Coaching 101: Your Words Speak Volumes

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[W]hat you say as a coach matters. When all of your athletes go home, they remember everything that you said to them.
I’ve been an athlete all my life. I started out with basketball in the yard as a little kiddo, and then spent high school as a cheerleader and as part of the water polo team. I fell off the earth as far as sports are concerned in college, but fell in love with CrossFit shortly after I got married. My husband is a CrossFit coach, so I became addicted by association.

About 8 months into my CrossFit obsession, it became time to find a new box for a whole lot of reasons that require an article all by themselves, but I found a new location close to work that fit me perfectly. The community was awesome, the WODs sucked like they should, and the price was the cheapest in the area. It was love at first WOD.

So here I am now, about two months in to my new box. Some of the people cheat their reps, some of the people have real ass-backwards form, some of the programming is a piece of shit, but for the most part I love it. I am working my ass off to be the best CrossFitter I can be.

Coaching And Progress At Odds

Get rid of the standards and just push your athletes to improve. Erase the limits. Create tough obstacles. Erase the stereotypes.
So, what’s the problem? Here’s the deal: Coaches. Can. Not. Prevent. Progress.

Let me rephrase that. Coaches should not prevent progress for their athletes. Now I know what you’re thinking: would a true CrossFit coach ever really do that? Well, not on purpose, but it happens.

On this particular day, we were getting ready to do 10×3 of back squats to get as heavy as possible. Great, I thought. I love me some heavy squats! I’ve got that big strong butt and great legs that I never truly appreciated until I started CrossFit. I could squat all day, every day, if my legs would let me. Needless to say, I came to the box pumped.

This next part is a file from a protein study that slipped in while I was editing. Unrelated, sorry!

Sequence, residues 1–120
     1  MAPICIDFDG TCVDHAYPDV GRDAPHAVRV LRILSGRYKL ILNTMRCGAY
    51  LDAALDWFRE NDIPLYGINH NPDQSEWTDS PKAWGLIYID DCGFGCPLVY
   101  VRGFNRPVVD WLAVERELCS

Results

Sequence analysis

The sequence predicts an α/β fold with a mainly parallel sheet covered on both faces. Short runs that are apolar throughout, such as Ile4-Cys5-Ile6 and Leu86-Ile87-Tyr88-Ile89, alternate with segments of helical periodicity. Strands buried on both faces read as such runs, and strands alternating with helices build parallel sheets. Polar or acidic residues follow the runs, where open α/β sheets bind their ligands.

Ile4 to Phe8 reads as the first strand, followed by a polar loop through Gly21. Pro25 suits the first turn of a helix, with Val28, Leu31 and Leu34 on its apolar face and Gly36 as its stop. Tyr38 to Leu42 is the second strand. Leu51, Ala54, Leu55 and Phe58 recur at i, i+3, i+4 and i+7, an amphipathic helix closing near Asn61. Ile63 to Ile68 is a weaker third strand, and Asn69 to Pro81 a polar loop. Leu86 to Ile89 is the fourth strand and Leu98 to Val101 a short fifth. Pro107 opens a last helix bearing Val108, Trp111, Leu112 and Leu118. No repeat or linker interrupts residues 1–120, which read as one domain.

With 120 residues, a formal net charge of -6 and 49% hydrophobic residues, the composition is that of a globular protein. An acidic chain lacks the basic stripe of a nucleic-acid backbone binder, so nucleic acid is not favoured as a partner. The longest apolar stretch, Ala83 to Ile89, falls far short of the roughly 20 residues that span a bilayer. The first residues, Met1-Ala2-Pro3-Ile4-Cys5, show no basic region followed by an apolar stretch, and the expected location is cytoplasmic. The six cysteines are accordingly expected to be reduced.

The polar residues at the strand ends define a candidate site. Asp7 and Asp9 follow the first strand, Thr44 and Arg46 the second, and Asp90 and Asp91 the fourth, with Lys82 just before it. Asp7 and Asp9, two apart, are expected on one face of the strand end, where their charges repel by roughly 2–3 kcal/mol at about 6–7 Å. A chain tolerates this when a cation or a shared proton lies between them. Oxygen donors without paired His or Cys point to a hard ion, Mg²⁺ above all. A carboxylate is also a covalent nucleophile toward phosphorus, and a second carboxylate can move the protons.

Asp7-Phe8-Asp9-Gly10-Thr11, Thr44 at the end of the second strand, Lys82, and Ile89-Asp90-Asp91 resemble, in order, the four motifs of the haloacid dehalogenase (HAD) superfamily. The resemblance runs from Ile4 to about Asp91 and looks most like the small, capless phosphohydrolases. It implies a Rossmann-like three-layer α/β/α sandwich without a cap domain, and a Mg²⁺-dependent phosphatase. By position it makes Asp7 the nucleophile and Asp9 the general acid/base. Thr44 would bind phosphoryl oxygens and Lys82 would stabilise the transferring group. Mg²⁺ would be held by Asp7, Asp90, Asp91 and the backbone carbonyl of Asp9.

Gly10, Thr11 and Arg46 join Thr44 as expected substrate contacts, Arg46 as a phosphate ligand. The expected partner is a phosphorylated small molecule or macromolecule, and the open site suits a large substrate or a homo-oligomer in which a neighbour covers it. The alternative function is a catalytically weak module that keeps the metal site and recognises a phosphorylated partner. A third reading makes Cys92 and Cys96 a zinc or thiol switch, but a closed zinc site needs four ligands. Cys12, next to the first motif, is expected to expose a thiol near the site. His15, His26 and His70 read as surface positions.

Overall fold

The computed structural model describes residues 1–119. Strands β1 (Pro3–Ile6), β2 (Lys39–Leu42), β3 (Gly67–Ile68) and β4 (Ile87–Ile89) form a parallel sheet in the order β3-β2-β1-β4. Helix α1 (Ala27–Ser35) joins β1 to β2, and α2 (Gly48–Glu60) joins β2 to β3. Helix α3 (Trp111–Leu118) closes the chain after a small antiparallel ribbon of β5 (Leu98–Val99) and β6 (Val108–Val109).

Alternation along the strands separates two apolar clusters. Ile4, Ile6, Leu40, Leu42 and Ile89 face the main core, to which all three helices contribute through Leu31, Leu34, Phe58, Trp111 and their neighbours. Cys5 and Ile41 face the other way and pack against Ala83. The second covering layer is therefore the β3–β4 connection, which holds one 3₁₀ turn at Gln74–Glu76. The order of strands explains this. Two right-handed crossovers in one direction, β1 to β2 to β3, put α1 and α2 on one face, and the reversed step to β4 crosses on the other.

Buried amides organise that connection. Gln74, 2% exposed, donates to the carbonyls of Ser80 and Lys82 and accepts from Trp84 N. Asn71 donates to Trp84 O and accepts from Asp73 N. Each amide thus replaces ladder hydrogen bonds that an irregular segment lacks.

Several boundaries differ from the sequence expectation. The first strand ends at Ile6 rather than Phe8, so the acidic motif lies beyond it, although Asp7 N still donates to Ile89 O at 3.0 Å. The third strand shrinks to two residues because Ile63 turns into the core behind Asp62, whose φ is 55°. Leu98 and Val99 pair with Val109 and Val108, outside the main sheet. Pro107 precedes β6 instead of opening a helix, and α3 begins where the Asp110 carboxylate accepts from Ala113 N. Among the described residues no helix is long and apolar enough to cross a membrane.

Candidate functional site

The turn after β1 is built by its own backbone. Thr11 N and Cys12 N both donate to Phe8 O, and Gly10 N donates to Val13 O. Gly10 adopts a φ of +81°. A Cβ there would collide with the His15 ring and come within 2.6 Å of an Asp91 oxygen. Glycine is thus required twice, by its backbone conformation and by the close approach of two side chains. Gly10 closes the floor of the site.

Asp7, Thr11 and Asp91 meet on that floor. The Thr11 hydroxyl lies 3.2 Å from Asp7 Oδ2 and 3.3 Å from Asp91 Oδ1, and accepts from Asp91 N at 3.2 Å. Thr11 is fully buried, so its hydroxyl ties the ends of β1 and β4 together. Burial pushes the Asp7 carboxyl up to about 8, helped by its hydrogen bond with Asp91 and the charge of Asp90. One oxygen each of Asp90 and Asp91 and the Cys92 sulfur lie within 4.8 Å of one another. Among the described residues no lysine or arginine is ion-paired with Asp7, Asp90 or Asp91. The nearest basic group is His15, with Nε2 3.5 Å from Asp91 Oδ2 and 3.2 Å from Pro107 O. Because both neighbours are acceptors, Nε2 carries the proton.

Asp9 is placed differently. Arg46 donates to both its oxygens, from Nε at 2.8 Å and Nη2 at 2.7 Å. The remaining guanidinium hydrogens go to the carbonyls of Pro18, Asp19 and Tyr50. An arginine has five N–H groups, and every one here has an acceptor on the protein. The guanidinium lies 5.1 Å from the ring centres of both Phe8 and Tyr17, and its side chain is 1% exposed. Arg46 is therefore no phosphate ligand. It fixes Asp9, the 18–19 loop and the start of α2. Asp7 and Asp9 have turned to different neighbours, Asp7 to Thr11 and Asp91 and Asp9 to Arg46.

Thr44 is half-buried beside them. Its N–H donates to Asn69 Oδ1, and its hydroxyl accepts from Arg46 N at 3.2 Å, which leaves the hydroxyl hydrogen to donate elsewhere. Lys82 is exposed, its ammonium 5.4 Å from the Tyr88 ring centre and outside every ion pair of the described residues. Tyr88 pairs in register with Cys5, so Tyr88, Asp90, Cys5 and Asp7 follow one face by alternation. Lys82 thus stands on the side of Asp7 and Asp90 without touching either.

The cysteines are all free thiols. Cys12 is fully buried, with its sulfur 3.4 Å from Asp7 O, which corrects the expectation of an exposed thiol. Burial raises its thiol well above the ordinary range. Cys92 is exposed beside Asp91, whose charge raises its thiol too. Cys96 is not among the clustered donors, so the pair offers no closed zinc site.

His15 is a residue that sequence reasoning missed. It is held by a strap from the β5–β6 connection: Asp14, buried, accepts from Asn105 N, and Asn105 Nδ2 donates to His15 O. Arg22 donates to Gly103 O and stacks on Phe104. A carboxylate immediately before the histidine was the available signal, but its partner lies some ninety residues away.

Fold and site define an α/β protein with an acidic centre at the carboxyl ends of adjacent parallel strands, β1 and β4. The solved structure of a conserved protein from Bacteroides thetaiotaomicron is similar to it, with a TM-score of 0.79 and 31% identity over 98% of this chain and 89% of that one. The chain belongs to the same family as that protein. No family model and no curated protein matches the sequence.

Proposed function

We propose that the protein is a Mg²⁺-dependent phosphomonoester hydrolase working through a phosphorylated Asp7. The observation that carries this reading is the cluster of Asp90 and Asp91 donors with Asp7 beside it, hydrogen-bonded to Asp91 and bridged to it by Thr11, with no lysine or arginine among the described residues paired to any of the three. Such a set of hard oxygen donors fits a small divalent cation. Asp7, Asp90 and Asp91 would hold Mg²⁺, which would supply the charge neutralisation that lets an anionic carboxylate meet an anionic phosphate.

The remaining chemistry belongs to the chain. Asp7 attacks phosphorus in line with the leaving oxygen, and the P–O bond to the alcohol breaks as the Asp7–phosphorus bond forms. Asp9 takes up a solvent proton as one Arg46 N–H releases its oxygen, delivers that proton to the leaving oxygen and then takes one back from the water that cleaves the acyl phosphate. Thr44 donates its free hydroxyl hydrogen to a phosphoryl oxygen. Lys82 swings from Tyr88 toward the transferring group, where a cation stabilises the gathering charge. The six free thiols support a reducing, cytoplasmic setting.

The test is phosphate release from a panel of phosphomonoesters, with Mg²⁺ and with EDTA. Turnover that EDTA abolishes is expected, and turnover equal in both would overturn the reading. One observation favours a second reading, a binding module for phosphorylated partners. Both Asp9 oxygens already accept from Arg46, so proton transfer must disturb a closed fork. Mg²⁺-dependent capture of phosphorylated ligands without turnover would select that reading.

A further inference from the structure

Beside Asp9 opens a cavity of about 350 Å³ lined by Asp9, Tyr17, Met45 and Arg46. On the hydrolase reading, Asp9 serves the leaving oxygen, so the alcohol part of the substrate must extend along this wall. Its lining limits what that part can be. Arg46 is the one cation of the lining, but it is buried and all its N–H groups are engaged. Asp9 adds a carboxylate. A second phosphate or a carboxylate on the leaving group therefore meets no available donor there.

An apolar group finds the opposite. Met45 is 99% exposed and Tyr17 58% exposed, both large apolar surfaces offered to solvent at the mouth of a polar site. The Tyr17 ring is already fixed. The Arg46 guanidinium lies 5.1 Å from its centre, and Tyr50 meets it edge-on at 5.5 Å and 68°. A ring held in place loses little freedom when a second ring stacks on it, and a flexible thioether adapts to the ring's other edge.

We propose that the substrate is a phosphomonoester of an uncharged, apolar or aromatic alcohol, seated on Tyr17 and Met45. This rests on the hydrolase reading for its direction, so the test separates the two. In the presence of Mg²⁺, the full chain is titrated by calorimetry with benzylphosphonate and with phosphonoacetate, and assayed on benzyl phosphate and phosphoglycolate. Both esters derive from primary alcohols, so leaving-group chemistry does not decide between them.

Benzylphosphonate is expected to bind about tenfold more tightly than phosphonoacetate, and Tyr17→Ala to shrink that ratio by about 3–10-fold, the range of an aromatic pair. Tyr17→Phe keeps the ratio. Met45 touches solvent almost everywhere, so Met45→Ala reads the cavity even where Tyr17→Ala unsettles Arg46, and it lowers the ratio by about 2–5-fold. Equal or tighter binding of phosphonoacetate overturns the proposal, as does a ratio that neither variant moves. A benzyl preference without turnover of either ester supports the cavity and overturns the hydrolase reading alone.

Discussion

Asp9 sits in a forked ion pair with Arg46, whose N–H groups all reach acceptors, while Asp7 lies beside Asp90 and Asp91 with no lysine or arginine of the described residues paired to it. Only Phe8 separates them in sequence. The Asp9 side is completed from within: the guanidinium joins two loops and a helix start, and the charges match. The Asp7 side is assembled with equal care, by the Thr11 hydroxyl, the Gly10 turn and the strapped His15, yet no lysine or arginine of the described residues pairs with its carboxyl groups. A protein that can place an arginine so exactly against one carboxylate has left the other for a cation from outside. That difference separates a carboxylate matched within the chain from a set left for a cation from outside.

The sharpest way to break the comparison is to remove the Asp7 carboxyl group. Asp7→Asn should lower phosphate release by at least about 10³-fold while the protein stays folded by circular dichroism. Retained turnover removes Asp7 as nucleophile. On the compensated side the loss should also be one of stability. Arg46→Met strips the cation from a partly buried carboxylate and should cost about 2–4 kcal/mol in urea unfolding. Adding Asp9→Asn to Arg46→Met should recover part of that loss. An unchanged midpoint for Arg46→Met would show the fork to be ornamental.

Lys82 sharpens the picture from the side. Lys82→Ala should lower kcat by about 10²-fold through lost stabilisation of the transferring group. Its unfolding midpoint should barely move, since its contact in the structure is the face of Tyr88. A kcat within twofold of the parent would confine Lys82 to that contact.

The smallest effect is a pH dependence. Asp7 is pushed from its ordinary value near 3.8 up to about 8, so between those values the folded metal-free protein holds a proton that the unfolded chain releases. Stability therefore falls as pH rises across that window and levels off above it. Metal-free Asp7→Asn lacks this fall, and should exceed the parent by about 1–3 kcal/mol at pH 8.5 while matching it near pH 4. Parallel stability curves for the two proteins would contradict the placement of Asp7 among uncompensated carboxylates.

Our box has only three squat racks. No big deal. We usually just separate and get our squat on, taking turns as necessary and adjusting the weight for each other as we go along. We work well perfectly fine and push one another as we see fit. We are really a self-sufficient sort of group, but here were the coach’s directions:
“Heavy lifters on this rack, other guys here, and all the girls over there.”

Okay, so we may have ended up divided that way anyways, but all I could think was, “Wait, where do I go? What if I’m a heavy lifter and a girl… Where’s that squat rack?”

What’s a girl to do? I followed directions and headed over to the girl squat rack, like a nice little girl. We had ten sets, so of course all of the girls are starting at 65 pounds. Okay, I can warm up at that. Fine with me. And then we made a big heavy increase…to 70. For the next set. I was already totally over this girl’s only rack deal. (I have a whole over slew of things I could say about chicks that do heavy squats at 70 pounds when they should be at 155, but that is a whole other article as well.)

[I]f my coaches are not on my side, pushing me to be that much better in whatever way possible, how am I supposed to stay motivated…?
Screw protocol. Screw whatever the f***ing directions were. I went over to the “non-heavy man rack” or whatever it should be called and joined in on their lifting. They had to take weight off for me so I could really warm up at 135. And sure, for every round they had to remove their second 45 plates so I could add my 25s. And sure, I was the only chick over with the boys and the girls looked like they were having so much fun giggling over in the corner. But you know what? I got my heavy 10×3 heavy squats done and I kicked some ass!

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